Her hand was pulling at his arm. There in the field over the hedge a buzzard hawk was dropping like a stone.
“Oh, Mark! Oh! Oh! It’s got it!”
She was covering her face with both her hands, and the hawk, with a young rabbit in its claws, was sailing up again. It looked so beautiful that he did not somehow feel sorry for the rabbit; but he wanted to stroke and comfort her, and said:
“It’s all right, Sylvia; it really is. The rabbit’s dead already, you know. And it’s quite natural.”
She took her hands away from a face that looked just as if she were going to cry.
“Poor little rabbit! It was such a little one!”
On the afternoon of the day following he sat in the smoking-room with a prayer book in his hand, and a frown on his forehead, reading the Marriage Service. The book had been effectively designed for not spoiling the figure when carried in a pocket. But this did not matter, for even if he could have read the words, he would not have known what they meant, seeing that he was thinking how he could make a certain petition to a certain person sitting just behind at a large bureau with a sliding top, examining artificial flies.
He fixed at last upon this form:
“Gordy!” (Why Gordy no one quite knew now—whether because his name was George, or by way of corruption from Guardian.) “When Cis is gone it’ll be rather awful, won’t it?”
“Not a bit.”
Mr. Heatherley was a man of perhaps sixty-four, if indeed guardians have ages, and like a doctor rather than a squire; his face square and puffy, his eyes always half-closed, and his curly mouth using bluntly a voice of that refined coarseness peculiar to people of old family.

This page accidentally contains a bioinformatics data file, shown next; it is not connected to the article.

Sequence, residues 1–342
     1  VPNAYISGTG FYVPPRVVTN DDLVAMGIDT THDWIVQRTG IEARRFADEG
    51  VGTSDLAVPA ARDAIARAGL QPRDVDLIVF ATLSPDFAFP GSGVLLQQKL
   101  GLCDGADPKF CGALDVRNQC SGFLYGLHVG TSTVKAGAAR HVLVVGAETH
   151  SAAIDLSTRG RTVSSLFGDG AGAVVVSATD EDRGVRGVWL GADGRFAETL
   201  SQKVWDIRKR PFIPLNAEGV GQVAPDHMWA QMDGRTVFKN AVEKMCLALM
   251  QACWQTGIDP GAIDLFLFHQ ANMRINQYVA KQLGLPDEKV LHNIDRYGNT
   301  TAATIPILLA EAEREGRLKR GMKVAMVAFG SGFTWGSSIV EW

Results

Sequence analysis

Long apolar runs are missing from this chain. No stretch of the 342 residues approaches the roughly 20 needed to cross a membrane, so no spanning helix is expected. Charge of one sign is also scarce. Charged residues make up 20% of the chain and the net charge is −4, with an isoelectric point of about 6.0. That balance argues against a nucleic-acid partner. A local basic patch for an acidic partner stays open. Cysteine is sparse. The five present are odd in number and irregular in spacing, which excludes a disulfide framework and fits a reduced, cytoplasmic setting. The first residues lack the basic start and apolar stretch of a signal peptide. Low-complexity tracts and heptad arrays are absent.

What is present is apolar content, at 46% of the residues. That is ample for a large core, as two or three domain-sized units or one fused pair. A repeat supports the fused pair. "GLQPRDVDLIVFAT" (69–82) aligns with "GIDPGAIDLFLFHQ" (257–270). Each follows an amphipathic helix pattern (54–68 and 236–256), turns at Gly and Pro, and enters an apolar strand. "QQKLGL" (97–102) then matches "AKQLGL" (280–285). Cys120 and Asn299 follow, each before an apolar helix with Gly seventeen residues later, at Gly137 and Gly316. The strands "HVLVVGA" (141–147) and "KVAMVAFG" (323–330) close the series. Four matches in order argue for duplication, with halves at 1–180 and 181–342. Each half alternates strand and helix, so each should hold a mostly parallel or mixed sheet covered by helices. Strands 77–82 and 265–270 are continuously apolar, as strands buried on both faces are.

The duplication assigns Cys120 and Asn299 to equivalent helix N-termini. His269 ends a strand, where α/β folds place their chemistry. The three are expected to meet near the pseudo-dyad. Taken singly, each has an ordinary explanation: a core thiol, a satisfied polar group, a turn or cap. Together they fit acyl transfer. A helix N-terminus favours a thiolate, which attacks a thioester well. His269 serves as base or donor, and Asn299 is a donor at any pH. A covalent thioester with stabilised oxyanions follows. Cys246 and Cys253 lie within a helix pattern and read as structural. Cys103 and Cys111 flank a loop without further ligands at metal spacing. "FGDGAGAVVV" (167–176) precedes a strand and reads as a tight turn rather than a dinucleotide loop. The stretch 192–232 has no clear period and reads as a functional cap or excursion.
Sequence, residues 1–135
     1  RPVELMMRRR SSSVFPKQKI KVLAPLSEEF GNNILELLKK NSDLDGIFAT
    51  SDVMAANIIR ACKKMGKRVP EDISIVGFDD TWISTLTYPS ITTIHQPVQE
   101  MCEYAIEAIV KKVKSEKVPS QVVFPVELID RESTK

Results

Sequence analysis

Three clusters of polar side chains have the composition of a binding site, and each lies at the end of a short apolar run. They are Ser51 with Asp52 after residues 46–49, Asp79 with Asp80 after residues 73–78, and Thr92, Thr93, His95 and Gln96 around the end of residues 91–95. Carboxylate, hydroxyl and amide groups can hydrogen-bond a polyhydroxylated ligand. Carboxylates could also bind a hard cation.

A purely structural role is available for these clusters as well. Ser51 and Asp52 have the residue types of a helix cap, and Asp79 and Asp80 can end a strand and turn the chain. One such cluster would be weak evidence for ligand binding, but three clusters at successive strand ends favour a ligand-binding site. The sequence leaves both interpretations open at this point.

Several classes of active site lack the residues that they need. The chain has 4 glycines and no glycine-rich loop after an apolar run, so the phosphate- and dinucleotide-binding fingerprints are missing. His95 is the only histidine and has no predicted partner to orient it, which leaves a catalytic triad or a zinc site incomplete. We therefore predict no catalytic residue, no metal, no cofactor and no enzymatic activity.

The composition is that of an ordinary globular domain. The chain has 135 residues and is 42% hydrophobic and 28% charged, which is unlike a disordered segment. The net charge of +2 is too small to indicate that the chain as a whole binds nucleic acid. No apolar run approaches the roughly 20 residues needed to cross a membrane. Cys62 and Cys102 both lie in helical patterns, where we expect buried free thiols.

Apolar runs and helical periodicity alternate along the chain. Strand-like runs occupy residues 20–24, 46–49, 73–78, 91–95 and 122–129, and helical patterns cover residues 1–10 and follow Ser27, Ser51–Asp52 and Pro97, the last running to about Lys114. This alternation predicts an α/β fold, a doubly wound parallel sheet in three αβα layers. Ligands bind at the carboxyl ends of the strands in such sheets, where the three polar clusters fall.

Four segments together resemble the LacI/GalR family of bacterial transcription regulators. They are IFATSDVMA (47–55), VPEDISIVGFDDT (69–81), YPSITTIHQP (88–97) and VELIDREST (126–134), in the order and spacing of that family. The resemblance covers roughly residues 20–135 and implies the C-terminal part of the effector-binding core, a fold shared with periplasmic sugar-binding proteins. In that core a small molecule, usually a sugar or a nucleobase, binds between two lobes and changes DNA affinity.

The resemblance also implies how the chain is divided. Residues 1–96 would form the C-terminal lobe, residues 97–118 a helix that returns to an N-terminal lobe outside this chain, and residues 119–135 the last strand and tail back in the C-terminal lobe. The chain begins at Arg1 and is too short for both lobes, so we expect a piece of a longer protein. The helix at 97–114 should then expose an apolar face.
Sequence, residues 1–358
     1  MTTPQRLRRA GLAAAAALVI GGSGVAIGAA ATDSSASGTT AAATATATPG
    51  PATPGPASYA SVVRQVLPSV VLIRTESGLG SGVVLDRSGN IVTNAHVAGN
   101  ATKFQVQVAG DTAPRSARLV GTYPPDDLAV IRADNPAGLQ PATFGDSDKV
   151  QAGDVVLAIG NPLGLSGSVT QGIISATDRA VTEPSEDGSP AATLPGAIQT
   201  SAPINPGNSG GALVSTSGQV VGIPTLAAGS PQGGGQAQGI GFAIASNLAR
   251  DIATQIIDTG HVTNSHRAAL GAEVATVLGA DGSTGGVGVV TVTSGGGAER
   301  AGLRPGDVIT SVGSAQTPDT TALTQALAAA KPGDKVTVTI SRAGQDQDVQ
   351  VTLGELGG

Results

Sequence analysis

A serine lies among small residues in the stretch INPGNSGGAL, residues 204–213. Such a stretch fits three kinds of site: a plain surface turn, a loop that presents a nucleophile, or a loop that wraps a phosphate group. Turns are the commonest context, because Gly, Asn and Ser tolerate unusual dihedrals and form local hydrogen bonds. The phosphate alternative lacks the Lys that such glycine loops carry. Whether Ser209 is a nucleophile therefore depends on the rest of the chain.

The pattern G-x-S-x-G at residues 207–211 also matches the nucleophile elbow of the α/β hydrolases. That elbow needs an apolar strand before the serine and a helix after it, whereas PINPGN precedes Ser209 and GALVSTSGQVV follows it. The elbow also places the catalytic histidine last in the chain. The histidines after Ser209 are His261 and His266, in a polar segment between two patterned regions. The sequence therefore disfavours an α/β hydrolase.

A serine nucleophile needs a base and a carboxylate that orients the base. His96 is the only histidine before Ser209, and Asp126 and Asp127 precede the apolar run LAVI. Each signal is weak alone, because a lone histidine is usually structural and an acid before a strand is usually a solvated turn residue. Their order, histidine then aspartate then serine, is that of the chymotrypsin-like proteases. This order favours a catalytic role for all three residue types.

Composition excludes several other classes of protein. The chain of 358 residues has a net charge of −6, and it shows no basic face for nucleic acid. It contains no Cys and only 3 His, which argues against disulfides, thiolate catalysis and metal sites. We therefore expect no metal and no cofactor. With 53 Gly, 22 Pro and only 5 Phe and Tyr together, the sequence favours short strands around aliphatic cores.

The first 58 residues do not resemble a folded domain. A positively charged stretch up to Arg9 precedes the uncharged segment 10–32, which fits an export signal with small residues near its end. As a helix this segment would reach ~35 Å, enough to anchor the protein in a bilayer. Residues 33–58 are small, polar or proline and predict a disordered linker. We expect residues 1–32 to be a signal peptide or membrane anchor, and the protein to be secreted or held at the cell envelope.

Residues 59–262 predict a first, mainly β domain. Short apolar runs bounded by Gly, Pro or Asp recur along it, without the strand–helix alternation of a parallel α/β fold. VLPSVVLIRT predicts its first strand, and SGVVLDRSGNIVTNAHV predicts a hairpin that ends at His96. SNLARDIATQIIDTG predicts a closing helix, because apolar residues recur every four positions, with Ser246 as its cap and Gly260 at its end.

“But it will, you know!”
“Well, supposin’ it is?”
“I only wondered if you’d mind asking Mr. and Mrs. Stormer to come here for a little—they were awfully kind to me out there.”
“Strange man and woman! My dear fellow!”
“Mr. Stormer likes fishing.”
“Does he? And what does she like?”
Very grateful that his back was turned, the boy said:
“I don’t know—anything—she’s awfully nice.”
He answered faintly:
“I don’t know what you call pretty, Gordy.”
He felt, rather than saw, his guardian scrutinizing him with those half-closed eyes under their gouty lids.
“All right; do as you like. Have ’em here and have done with it, by all means.”
Did his heart jump? Not quite; but it felt warm and happy, and he said: